Renae Wicklund still lived in the Clearview home where she had been attacked in 1974, and she wasn’t notified when Campbell was let out of prison. In January 1982, he was transferred to a work-release residence less than ten miles from Clearview and he began staking out her house, planning his next move.

On April 14, Campbell went to her home and found her there with Shannah (now eight years old) and a neighbor, Barbara Hendrickson, who along with Renae had testified against him at the rape trial.

Campbell killed them all by slashing their throats. Renae got special treatment: she was also beaten, strangled, stripped naked and her genitals mutilated.

He’d finally committed an offense grave enough to revoke his work-release status.

Campbell was arrested almost immediately and, at his trial, had little to say for himself. It can’t have been hard for the jury to choose the death sentence. As a result of the triple homicide, Washington state passed a law requiring that victims of violent crime be informed when their attackers are released from prison.

The state of Washington allowed (and still allows — it’s the only state with an active gallows) a condemned inmate a choice in the manner of death: hanging, or lethal injection.

During his twelve years of appeals, Campbell refused to make the choice and argued that being made to choose meant the state was effectively forcing him to commit suicide. The default method at the time for a prisoner who refused to choose was hanging,* and Campbell further claimed that was cruel and unusual punishment.

His case actually made it up to the U.S. Supreme Court, but it declined to hear his appeal.

When his time came, the prison staff had to use pepper spray to persuade him to come out of his cell, strap him to a board and drag him to the scaffold, and even then he made things difficult by turning his head this way and that while they tried to secure the hood and noose. But he couldn’t delay the end for long. The prison guards would later find makeshift weapons in his cell, including a four-inch piece of metal in his cell that had been sharpened into a blade.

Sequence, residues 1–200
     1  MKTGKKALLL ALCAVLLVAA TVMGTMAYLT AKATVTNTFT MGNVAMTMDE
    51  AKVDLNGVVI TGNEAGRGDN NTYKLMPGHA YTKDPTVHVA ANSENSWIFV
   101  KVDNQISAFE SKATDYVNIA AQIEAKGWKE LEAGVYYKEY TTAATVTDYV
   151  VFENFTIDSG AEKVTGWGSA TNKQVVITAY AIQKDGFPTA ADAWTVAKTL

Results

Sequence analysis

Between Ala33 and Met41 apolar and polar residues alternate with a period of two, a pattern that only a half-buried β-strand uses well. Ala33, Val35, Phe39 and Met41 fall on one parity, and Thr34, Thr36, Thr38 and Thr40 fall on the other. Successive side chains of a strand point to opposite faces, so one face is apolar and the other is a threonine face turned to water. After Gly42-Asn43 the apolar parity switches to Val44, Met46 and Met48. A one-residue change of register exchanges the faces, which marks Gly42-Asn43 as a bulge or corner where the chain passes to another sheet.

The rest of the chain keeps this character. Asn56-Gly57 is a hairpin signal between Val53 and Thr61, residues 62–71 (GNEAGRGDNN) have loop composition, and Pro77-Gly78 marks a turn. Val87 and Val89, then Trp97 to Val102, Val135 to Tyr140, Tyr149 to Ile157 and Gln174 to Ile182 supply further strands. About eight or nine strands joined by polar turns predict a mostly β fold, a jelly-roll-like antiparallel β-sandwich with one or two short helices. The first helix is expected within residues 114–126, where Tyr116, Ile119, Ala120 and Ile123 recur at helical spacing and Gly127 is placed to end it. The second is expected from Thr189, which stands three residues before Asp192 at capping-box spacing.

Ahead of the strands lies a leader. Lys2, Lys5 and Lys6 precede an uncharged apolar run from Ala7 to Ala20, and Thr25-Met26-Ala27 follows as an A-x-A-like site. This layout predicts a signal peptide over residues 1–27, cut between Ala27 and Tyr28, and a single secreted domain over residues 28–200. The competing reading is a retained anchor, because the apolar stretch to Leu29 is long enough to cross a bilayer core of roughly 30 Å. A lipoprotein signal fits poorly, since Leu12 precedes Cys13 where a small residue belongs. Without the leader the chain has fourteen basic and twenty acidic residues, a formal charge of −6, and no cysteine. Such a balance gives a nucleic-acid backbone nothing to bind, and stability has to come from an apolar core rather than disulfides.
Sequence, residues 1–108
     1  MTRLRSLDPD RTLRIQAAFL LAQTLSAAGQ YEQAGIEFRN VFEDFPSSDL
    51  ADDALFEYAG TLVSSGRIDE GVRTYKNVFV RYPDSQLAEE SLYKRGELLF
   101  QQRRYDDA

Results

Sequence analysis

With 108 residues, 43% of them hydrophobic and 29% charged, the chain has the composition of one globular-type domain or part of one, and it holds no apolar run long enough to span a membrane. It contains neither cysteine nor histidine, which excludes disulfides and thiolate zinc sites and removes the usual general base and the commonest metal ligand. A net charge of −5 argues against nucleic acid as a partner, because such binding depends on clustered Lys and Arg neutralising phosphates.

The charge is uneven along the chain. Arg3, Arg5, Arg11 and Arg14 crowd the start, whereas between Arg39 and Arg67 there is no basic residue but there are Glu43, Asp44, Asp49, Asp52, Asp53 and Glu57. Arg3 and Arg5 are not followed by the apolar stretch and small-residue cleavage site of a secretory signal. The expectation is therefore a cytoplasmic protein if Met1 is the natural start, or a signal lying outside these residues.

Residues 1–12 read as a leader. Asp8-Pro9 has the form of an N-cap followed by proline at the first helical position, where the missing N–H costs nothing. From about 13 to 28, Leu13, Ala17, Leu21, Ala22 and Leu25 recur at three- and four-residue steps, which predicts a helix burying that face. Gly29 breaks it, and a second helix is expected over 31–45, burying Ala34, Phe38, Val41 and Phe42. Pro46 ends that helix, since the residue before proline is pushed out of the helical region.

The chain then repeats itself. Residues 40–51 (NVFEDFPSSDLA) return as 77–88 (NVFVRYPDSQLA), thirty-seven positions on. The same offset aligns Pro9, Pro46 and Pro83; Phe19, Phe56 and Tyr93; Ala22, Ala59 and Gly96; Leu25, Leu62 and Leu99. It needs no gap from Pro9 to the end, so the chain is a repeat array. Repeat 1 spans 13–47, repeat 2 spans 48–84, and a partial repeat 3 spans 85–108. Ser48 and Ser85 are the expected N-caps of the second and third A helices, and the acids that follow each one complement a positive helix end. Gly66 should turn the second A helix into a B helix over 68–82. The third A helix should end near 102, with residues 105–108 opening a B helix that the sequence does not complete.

As of this writing, Campbell was the last man to be judicially hanged in Washington state (though not the last in the U.S.).

* In 1996, the default method of execution in Washington changed to lethal injection.

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Entry Filed under: 20th Century,Capital Punishment,Common Criminals,Crime,Death Penalty,Execution,Guest Writers,Hanged,History,Murder,Other Voices,Rape,USA,Washington

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1902: A day in the death penalty around the Pacific Northwest

Add comment January 31st, 2014 Headsman

The U.S. states of Washington and Oregon both hanged murderers on this date in 1902.

Oregon

The death knell for local public(ish) hangings in Oregon took place this morning in the courthouse of Portland’s courthouse under the eyes of 400 invited witnesses and numerous additional gawkers who scaled telegraph poles or stationed themselves on nearby rooftops.

Jack Wade and William Dalton hanged together for murdering one James Morrow just three months for two bits. It was an uncomplicated crime: the villains stuck Morrow up as the latter returned one night from paying court to a young lady, then shot him when Morrow made a sudden move.

On hanging day, the pair addressed an ample breakfast of ham, chicken and eggs, knocked out some hymns and an impromptu rendition of “Where Is My Wandering Boy Tonight?”

… and then took a cavalier stroll to the gallows where Wade displeased right-thinking folk with his devil-may-care attitude towards his own execution. He tossed a cigar to the crowd, and played his fingers over the hemp as the rope was fastened, remarking with a wink, “it is tough.”

While the hanging itself went off without a hitch, the curious onlookers pushed through the rail meant to restrain them once the bodies were cut down and began scrabbling for bits of hemp. The sheriff finally had to clear the courtyard.

Even worse, “ten or 12 women witnessed the execution” from atop a building at Fifth and Main street, according to the Oregonian‘s report the next day. “It is doubtful if such a thing ever occurred before at a legal hanging in this country.”

The legislature some years previous had tried to get a handle on execution decorum by moving hangings off public squares and into jails, so this public(ish) execution wasn’t technically public at all. But as seen, these facilities with their barrier-toppling invited mobs and conspicuously feminized illicit peepers surrounding still affronted the alleged solemnity of the moment and led the legislature at its next sitting in 1903 to enact a statute requiring that “all executions should take place within the walls of the [state] penitentiary, out of the hearing and out of sight of all except officials.”